This dual strategy worked to fetch non-Jatav Dalit votes to the BJP’s fold in significant numbers. This indicates that while the BJP largely projected the borrowed Dalit leaders in the electoral arena, at the organizational level, it relied upon leaders like Ram Nath Kovind to do the ground work.
Against this backdrop, the catapulting of Kovind from state governor to presidential candidate signifies a new phase in the interplay of subaltern and Hindutva wherein Dalit leaders from across the ideological spectrum and diverse political backgrounds would be accommodated and employed to expand and consolidate the BJP’s social base among the Dalits.
Therefore, the BJP’s choice of Kovind follows the logic of subalternisation of Hindutva, albeit at a level hitherto not seen. Ram Nath Kovind is not merely an instrumental ally of the BJP like Udit Raj and others but rather an integral one, and his ascendency signifies a political act markedly different from that of the general subaltern shift to pro-BJP forces. Kovind shares the RSS outlook towards religious minorities and has on record - when he was the BJP spokesperson - opposed the Rangnath Mishra Commission report recommending 10 per cent reservation for Muslims and extension of Scheduled Caste status to Dalits in all religions and stated that ‘Islam and Christianity are alien to India,’ making them ineligible from availing Scheduled Caste quota in jobs, legislative bodies and education, despite sharing the socio-economic background with Hindu Dalits.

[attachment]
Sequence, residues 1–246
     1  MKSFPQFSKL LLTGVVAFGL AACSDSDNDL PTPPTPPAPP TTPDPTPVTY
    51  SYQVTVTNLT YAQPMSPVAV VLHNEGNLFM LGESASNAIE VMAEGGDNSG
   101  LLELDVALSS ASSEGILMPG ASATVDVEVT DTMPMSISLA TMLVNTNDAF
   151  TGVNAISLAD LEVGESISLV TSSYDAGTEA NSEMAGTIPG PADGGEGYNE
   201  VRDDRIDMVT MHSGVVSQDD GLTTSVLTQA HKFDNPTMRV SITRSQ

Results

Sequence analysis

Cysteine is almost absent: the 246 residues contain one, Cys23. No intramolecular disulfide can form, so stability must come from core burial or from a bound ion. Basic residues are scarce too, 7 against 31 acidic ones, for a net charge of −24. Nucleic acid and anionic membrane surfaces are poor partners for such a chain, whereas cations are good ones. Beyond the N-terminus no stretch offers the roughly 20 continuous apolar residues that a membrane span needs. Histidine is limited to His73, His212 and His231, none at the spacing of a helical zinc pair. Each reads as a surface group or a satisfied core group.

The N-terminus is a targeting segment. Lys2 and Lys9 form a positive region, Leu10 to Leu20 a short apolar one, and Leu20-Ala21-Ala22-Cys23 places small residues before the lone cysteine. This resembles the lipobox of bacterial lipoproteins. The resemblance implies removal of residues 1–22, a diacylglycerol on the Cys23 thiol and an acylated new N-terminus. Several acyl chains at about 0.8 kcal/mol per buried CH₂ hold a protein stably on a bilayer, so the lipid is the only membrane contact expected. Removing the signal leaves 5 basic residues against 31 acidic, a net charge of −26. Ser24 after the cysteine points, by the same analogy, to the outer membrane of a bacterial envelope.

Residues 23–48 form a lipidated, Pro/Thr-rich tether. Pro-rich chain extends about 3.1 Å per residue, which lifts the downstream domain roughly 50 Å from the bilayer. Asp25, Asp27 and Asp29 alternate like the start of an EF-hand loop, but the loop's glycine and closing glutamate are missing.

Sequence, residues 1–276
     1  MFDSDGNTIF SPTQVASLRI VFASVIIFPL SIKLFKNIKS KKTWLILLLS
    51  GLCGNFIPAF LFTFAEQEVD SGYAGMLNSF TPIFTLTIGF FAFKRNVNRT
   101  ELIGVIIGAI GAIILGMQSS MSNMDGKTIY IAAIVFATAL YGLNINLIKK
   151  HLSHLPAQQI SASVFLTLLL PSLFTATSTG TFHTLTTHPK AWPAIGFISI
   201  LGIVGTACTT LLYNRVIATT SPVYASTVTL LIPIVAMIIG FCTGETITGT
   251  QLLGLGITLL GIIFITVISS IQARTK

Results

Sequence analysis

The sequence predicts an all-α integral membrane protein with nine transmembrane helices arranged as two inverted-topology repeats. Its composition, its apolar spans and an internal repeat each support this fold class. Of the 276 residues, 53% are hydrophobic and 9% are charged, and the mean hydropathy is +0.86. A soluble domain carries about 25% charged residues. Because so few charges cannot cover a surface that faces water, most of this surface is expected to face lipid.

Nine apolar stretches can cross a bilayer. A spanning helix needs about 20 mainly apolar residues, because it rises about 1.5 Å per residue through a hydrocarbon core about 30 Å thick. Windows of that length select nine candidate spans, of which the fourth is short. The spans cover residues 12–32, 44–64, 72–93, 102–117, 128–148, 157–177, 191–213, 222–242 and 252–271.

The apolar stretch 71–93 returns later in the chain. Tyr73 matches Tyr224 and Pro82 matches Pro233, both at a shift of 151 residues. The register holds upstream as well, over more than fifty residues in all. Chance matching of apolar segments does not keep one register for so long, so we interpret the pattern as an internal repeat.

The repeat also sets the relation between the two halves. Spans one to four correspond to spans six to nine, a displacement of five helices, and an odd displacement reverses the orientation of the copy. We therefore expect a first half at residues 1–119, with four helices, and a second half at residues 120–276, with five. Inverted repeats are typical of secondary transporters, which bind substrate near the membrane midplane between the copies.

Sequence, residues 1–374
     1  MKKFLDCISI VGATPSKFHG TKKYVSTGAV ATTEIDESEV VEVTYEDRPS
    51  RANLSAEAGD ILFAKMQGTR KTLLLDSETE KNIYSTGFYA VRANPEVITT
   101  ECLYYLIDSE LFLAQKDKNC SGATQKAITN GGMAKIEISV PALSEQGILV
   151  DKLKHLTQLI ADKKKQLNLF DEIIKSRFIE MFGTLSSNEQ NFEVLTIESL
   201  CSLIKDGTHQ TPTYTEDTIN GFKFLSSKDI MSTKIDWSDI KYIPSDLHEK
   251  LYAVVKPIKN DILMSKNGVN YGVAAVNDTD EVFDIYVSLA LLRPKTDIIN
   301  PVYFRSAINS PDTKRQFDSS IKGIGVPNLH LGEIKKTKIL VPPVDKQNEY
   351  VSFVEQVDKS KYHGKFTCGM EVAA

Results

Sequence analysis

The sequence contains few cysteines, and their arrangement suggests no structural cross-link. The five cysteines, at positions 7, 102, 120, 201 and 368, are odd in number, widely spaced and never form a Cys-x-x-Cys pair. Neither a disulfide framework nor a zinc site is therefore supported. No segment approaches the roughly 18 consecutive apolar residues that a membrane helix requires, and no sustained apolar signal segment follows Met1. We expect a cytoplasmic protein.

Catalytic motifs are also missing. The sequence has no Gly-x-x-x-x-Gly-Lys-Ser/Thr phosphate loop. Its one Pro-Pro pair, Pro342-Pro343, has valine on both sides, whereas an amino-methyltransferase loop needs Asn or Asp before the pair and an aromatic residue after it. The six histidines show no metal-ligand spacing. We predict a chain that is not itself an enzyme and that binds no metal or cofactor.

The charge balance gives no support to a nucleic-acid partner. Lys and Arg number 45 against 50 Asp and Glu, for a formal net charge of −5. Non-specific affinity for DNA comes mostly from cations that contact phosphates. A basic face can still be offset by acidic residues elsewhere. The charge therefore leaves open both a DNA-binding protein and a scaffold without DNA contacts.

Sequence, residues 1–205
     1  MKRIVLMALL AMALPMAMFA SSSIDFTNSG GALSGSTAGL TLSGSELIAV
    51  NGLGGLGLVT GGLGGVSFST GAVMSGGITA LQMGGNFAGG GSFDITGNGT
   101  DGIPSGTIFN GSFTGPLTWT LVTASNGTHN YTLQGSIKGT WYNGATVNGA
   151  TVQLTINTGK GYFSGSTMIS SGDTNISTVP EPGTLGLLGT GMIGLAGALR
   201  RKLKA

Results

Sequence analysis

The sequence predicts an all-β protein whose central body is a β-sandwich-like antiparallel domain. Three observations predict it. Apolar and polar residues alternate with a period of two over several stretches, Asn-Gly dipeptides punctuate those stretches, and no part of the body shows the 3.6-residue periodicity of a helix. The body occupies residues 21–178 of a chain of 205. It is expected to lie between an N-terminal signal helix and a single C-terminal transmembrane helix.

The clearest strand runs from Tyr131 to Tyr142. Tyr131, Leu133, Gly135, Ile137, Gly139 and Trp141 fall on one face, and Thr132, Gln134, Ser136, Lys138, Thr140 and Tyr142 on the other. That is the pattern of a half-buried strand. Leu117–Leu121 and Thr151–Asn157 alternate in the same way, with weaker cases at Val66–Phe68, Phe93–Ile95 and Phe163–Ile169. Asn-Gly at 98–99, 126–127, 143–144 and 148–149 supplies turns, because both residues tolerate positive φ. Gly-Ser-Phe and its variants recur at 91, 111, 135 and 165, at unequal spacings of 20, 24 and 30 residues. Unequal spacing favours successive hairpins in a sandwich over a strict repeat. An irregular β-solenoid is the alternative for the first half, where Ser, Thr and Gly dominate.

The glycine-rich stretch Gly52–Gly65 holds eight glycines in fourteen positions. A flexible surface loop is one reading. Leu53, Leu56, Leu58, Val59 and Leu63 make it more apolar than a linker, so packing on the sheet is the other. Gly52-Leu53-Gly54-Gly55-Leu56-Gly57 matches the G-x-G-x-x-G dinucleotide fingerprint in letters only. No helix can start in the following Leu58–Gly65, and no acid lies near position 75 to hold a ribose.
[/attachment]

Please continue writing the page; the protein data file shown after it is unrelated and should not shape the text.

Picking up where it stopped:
Inner-richness in Dalit discourse